Command and control centers are located inside stadiums allowing police to monitor areas inside and outside the stadium. This control room possesses fire alarm and voice activation systems, turnstile monitoring capabilities, access to public address system, a door access control system for restricted areas, and a fully integrated Closed Circuit Television (CCTV) system. Additionally, a mobile command center is also established at football sites. What is known as the “Hoolivan”, this vehicle is equipped with CCTV for surveillance operations and maintains radio contact with officers inside and outside the stadium. Technological security measures, such as CCTV, Photophone, and FaceTrac are used to identify fans, run database searches, and send images to security personnel on the ground (“Tackling Football Violence”, n.d.).
British football stadium authorities conducted extensive risk assessments to determine specific risks, threats and vulnerabilities of respective venues. Categories of risk include strategic risks, operational risks, and financial risks. Strategic risks include planning failures, operational risks include human and process errors, and financial risks include financial control failures as well as disruptions in the flow of resources (Cotton, Wilde, & Wolohan, 2000). Football authorities also conduct a match assessment by “grading” each event individually, taking into consideration relative intelligence for the event, historical intelligence of the event (i.e. city rivalries, derby’s), capacity of stadium, and expected attendance. This type of assessment allows stadium authorities and local police to adjust security plans accordingly, thereby pre-determining resources, costs, and level of management needed.
Football clubs have marketed themselves to corporate businesses for specialized hospitality experiences to generate additional revenue. The desire by middle-class citizens to emulate the leisure pursuits of the more affluent created a more upscale football customer, thereby limiting the desire and appropriateness for violence (Winter, 2002). Stadiums have also incorporated leisure and entertainment experiences through unique stadium dining options and shopping venues that creates an atmosphere that discourages hooliganism. Furthermore, alcohol consumption can be governed in hospitality suites and club seating areas. Restricting alcohol distribution and encouraging responsible consumption reduces the likelihood of public drunkenness and disorder (Johnson, 1998).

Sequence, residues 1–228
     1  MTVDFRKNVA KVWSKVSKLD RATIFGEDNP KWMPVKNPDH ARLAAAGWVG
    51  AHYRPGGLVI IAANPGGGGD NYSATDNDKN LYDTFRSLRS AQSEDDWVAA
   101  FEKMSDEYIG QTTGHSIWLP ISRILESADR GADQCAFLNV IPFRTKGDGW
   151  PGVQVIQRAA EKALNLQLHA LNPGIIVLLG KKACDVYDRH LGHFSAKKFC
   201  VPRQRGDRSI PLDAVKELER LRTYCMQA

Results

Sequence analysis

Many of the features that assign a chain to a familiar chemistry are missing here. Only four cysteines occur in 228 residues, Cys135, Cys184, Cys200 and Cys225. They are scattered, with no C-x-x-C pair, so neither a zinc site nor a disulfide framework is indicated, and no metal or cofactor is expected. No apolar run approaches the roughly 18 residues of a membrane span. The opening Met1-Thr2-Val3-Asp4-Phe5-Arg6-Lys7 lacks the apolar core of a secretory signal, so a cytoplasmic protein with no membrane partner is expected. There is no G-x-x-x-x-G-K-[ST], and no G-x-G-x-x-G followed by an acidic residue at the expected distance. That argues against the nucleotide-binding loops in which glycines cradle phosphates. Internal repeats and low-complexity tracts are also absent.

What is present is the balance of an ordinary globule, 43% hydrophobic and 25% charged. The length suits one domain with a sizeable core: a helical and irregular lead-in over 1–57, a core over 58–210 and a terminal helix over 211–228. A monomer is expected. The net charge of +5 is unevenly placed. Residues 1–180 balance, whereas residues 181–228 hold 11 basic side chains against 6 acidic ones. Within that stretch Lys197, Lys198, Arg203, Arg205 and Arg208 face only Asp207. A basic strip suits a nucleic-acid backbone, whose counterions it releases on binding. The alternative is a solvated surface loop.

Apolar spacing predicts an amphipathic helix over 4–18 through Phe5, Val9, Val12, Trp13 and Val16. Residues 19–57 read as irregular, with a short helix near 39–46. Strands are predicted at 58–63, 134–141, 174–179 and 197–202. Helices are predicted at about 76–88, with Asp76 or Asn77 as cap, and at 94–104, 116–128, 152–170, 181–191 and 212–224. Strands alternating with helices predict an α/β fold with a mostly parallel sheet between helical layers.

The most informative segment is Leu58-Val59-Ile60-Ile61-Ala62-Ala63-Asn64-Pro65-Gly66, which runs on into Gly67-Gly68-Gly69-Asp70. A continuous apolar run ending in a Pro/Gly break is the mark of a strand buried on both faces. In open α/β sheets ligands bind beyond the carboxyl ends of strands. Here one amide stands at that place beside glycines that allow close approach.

The U. K. National Counter Terrorism Security Office (NaCTSO) issued rules, regulations, and procedures for event security staff at British stadiums and arenas, including a risk management plan guideline. The NaCTSO also provided best practices in the following areas: access control, screening/searches, traffic and parking, CCTV, and managing event staff. Table 1 provides a summary of the best practices under each area (National Counterterrorism Security Office, 2006):